Dual-action protein developed at Stanford better restricts blood vessel formation, researchers say
Cancer needs blood. In fact, some cancer medications work solely to slow or prevent cancer cells from creating new capillaries, choking off their much-needed blood and nutrient supply to halt the growth of tumors.
In a paper published online Aug. 8 in the Proceedings of the National Academy of Sciences, researchers at Stanford University describe the creation of a new type of engineered protein that is significantly more effective at preventing the formation of blood vessels by targeting not one, but two of the chemical receptors that control the creation of new capillaries - a process known as angiogenesis. The study shows that the new protein blocks both receptors.
"Chemical receptors and their protein ligands control many cellular functions, but the protein must fit the receptor exactly. It's like a molecular jigsaw puzzle," said lead researcher Jennifer Cochran, PhD, assistant professor of bioengineering. "When the right proteins come along and engage their matching receptors, things begin to happen at the cellular level. In this case, we looked at the chemical signaling and cellular machinery responsible for producing new blood vessels."
Existing cancer treatments block the activity of specific receptors that control capillary creation. Some of these drugs act like a cork in a bottle, occupying the receptor and thus preventing capillary-inducing proteins from activating cell signaling and biochemical processes, while others attach to the capillary-inducing proteins and shield the receptor from them.
Complicating matters for cancer researchers, however, is the fact that angiogenesis is often controlled by multiple receptors working together. "Cell-signaling pathways are analogous to a safe-deposit box requiring many keys to open," said Cochran.
In such situations, receptors work in tandem, communicating back and forth in a chemical collaboration known as cross-talk. Current anti-angiogenesis therapies, however, are able to target only single receptors. Thus, significantly limiting capillary growth requires blocking more than one receptor.
Cochran's team — including postdoctoral scholars Niv Papo, PhD, Adam Silverman, PhD, and Jennifer Lahti, PhD, who was a graduate student at the time of the research — identified likely pairs of collaborating receptors. They knew from a body of earlier research that there was significant cross-talk between two specific angiogenic receptors. Their goal was to create a single protein that could block both.
First, the team selected a protein that bonds with one of the receptors. Using it as a molecular "scaffold" they affixed, or substituted, a new section that could bond with the second receptor, all without altering the original function or the physical structure of the larger scaffold protein. They succeeded; their new protein blocks both receptors.
When delivered in a nutrient-rich matrix and implanted in mice, the Stanford protein showed dramatic ability to halt the creation of new capillaries. "Samples treated with our dual-action protein have minimal blood vessel formation, similar to a sample in which angiogenic factors are absent," Cochran said. "Importantly, this engineered protein more strongly inhibits angiogenic processes compared to single-receptor blockers."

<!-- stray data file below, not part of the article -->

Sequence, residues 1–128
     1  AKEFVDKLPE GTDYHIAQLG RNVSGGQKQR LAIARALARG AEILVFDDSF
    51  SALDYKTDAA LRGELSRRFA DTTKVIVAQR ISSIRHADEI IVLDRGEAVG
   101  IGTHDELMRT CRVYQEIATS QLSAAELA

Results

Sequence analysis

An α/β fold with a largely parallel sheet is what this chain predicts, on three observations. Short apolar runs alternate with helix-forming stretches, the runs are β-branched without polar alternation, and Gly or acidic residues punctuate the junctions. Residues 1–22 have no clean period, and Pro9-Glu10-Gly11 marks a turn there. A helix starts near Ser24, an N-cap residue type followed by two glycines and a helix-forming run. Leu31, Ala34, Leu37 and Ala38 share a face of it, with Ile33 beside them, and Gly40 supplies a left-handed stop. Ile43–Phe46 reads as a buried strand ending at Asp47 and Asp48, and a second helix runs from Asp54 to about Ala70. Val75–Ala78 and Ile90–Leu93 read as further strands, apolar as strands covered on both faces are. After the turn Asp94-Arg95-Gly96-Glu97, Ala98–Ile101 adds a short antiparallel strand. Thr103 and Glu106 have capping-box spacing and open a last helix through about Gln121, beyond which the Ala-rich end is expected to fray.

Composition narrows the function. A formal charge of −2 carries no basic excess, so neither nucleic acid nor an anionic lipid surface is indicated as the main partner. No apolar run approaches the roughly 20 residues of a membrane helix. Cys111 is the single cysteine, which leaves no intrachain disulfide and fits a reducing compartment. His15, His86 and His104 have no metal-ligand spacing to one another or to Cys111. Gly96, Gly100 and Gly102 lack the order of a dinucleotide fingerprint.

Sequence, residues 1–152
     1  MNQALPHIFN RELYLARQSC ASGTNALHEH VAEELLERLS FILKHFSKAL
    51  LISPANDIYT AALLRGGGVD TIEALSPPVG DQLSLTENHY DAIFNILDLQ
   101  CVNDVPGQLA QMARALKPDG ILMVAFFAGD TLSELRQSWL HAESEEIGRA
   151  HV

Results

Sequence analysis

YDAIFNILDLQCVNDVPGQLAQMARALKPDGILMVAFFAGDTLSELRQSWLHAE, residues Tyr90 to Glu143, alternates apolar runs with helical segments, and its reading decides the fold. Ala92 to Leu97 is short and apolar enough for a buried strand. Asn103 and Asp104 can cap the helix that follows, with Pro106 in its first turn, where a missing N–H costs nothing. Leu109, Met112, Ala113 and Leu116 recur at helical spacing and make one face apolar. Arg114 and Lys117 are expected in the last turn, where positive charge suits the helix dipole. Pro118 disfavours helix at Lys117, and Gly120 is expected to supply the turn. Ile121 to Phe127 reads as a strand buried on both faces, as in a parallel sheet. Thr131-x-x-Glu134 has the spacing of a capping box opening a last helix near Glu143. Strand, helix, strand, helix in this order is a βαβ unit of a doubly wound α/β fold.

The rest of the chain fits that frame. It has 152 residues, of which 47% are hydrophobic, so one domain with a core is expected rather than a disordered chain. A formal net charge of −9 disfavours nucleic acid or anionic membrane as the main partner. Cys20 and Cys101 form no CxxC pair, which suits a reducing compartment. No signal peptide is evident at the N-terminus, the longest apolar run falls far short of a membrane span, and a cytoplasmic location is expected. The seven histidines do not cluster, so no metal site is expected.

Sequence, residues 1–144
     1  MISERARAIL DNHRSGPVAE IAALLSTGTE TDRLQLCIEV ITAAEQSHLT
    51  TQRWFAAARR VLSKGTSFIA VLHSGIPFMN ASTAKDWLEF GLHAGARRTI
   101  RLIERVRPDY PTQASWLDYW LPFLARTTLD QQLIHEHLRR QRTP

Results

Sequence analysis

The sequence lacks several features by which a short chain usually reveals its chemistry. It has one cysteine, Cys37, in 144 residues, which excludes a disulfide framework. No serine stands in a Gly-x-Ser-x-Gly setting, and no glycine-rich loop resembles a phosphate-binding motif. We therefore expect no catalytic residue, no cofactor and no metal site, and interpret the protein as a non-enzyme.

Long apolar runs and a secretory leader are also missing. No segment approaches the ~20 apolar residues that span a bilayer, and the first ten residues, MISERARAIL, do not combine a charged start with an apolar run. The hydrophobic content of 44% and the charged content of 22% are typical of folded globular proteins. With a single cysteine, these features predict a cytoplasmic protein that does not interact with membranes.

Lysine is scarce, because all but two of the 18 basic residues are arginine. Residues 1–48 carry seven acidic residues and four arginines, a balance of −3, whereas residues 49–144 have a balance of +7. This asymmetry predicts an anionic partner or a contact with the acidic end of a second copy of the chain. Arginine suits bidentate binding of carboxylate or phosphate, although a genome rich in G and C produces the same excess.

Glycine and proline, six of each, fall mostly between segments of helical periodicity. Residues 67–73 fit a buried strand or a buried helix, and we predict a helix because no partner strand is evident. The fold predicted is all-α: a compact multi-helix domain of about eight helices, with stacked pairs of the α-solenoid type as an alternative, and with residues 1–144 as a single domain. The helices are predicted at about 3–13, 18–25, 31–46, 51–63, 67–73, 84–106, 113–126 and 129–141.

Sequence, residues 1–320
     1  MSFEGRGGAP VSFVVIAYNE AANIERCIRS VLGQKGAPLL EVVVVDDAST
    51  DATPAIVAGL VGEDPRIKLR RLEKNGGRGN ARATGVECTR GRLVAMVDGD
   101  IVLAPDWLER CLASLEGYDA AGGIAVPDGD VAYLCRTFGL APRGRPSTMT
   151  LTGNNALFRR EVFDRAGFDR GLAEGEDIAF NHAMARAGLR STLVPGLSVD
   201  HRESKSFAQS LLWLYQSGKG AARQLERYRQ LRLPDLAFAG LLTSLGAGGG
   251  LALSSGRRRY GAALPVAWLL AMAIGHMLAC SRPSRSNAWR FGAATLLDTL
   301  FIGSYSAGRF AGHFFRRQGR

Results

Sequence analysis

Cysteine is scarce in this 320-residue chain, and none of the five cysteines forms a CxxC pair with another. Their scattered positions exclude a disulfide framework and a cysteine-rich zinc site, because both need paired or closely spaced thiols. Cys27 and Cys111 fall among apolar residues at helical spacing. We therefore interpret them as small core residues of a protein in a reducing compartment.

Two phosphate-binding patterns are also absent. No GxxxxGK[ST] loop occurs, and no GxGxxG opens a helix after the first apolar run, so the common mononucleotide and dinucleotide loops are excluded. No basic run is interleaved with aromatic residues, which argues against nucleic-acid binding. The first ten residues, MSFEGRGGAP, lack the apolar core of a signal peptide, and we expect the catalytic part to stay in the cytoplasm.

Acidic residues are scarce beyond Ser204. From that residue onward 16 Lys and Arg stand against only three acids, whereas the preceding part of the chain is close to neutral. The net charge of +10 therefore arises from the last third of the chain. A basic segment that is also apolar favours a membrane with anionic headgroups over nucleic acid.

Some researchers have suggested that the same result might be accomplished more easily with a cocktail of drugs, each targeting a specific receptor. Cochran acknowledged the feasibility of such approaches, but pointed out that each drug in the cocktail would require clinical trials and the approval of the U.S. Food and Drug Administration. The new protein could be the basis for one drug.
"This is a major advantage of two-in-one molecules," said Cochran. "A single FDA-approval process could possibly shave years off the development process, and there are obvious cost benefits to manufacturing only one drug instead of several. In addition, using state-of-the-art protein engineering methods that have been developed within the past decade or so, such molecules could be engineered for optimal therapeutic benefit while reducing unwanted side effects"
Beyond cancer, Cochran noted, the prevention of angiogenesis could prove helpful in the treatment of diseases such as macular degeneration, one form of which can lead to visual impairment or even blindness when unchecked capillaries grow in the retina.
As for the scaffolding approach, she said she sees a research strategy that might be applied to develop new, multifunctional proteins that work in other biomedical applications, from diagnostics and immunotherapy to tissue repair.
"All the attention being accorded dual-action proteins is warranted," Cochran said. "Sometimes, two are better than one."
This research was funded by an American Cancer Society Research Scholar Grant.
Information about Stanford's Department of Bioengineering, which also supported the work, is available at http://bioengineering.stanford.edu/. The department is jointly operated by the schools of Engineering and of Medicine.
Andrew Myers is the associate director of communications at the Stanford School of Engineering.
Stanford Medicine integrates research, medical education and health care at its three institutions - Stanford University School of Medicine, Stanford Health Care (formerly Stanford Hospital & Clinics), and Lucile Packard Children's Hospital Stanford. For more information, please visit the Office of Communication & Public Affairs site at http://mednews.stanford.edu.